Ideally, this relationship is thoughtful, thoughtful and provides unbiased advice. The goal is to provide you with a long-term approach in selecting appropriate investments, do what’s best for you and your financial security, and help you select investments that the advisor believes will give you the best chance of meeting your goals.

Here are three concepts to keep in mind going forward: 

  1. You have the right to select and work with a trustworthy, independent financial advisor who is professionally competent, personally dedicated, and who communicates with you on a regular basis about your portfolio. You may request information about your advisor’s work history and background, and you may contact your state or provincial securities agency for verification. Visit the Financial Industry Regulatory Authority (FINRA) Broker Check at www.finra.org to review the background of an investment professional.
  2. You have the right to expect financial and investment recommendations based solely upon your unique needs and goals, consistent with the objective of enhancing your financial wellbeing. While the performance of investments may not meet your expectations and markets can underperform their historical averages, recommendations should be based upon the goal of attaining superior performance in light of the facts known at the time of investment.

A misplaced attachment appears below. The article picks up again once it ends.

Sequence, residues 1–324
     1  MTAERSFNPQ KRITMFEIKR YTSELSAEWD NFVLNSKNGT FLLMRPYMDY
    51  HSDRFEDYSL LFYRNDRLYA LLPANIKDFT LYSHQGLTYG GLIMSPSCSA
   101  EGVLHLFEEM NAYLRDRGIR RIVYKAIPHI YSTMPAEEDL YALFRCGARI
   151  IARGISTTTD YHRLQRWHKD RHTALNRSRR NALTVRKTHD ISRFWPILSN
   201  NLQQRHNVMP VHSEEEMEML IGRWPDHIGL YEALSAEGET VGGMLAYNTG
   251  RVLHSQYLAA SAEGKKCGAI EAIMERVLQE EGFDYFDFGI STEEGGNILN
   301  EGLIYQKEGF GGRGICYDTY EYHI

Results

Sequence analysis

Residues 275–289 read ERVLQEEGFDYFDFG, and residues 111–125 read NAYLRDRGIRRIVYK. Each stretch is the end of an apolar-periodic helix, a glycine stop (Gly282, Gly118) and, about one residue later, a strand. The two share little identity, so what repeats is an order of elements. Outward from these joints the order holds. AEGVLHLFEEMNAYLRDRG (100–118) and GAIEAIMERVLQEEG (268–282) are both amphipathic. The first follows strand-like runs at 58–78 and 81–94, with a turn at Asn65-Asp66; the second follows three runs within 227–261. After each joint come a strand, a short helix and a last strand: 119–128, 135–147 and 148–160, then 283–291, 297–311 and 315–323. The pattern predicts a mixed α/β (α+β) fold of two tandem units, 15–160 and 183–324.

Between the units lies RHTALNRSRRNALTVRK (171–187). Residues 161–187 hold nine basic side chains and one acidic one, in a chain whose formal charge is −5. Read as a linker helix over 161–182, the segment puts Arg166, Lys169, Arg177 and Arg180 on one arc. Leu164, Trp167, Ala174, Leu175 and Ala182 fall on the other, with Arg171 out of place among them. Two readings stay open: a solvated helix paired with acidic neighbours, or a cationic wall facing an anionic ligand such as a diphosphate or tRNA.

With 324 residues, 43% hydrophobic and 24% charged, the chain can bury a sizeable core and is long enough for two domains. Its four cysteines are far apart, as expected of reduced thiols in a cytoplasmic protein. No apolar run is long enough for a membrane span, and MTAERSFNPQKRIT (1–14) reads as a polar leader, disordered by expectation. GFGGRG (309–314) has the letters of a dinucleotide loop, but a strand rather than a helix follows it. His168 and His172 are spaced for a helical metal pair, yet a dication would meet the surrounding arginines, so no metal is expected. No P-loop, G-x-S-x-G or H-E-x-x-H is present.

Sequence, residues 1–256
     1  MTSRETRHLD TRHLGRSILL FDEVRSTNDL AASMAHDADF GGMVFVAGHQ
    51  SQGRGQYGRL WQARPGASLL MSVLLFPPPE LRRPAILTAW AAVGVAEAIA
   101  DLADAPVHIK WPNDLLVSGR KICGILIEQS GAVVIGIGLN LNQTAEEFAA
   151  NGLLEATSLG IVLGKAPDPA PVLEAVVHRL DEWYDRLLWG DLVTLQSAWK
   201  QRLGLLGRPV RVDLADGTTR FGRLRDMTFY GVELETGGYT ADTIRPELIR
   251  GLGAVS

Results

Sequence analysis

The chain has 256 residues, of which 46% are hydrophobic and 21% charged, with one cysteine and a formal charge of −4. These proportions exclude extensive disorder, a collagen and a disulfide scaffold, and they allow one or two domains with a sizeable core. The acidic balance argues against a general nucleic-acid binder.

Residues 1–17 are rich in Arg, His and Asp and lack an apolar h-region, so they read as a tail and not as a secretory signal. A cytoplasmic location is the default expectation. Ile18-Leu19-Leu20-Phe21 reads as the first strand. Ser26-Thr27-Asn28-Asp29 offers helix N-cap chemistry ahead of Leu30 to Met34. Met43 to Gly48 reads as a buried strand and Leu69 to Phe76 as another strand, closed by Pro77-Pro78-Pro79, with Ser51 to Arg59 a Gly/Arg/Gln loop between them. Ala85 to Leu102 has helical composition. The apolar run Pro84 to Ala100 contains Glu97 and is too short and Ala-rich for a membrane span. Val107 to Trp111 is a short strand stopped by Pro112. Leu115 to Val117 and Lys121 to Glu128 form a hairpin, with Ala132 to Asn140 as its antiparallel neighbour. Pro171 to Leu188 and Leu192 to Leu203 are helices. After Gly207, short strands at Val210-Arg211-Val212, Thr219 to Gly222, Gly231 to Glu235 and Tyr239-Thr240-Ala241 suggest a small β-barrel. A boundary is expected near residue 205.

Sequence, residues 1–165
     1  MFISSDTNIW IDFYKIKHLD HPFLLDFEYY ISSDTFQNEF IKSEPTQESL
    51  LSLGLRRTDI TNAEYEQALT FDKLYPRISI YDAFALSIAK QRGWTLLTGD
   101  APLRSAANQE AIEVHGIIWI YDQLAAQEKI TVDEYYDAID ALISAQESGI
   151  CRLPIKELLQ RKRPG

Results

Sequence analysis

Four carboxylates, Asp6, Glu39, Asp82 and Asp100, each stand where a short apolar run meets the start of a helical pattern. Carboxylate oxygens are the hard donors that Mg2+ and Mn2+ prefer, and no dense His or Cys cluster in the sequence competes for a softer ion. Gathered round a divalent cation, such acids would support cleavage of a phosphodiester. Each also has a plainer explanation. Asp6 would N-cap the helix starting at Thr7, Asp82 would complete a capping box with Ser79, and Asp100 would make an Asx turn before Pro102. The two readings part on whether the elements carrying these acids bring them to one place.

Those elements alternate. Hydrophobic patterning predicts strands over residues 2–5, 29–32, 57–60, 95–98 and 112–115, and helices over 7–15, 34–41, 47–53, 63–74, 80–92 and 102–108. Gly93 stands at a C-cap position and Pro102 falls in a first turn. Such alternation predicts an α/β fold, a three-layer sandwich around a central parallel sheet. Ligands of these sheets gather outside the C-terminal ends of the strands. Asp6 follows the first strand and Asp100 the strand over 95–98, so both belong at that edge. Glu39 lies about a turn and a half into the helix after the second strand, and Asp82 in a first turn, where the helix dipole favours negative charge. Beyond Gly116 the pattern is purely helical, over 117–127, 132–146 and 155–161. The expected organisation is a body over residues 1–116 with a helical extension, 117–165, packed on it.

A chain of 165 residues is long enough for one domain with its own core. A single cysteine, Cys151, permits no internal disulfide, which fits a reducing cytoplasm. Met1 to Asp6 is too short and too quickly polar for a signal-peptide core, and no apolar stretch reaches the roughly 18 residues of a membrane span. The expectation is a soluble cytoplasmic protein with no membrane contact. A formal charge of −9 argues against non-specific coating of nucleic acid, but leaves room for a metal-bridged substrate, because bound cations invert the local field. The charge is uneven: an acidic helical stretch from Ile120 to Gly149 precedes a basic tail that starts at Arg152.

3. You have the right to open, consistent communication and to have information presented in clear and understandable terms.

As we wait for updates on the first phase of the DOL rule’s implementation regarding the fiduciary nature of investment professionals, consider these to-dos:

  • Ask your advisor about what to expect in the wake of the DOL rule’s implementation.
  • Ask about a Client Bill of Rights, which is intended to help set the stage for a mutually beneficial relationship between you and your advisor. Visit raymondjames.com/billofrights for an example.
  • Be an active participant in your financial future and be engaged in the process. Knowledge is power. When hiring a financial advisor, expect service and integrity. Stay focused and invest accordingly.

The opinions expressed are those of the writer, but not necessarily those of Raymond James and Associates, and subject to change at any time. 

“Certified Financial Planner Board of Standards Inc. owns the certification marks CFP®, CERTIFIED FINANCIAL PLANNER™, CFP® (with plaque design) and CFP® (with flame design) in the U.S., which it awards to individuals who successfully complete CFP Board’s initial and ongoing certification requirements.” 

This article provided by Darcie Guerin, CFP®, Vice President, Investments & Branch Manager of Raymond James & Associates, Inc., Member New York Stock Exchange/SIPC 606 Bald Eagle Dr., Suite 401, Marco Island, FL 34145. She may be reached at 239-389-1041, email darcie.guerin@raymondjames.com. Website: www.raymondjames.com/Darcie.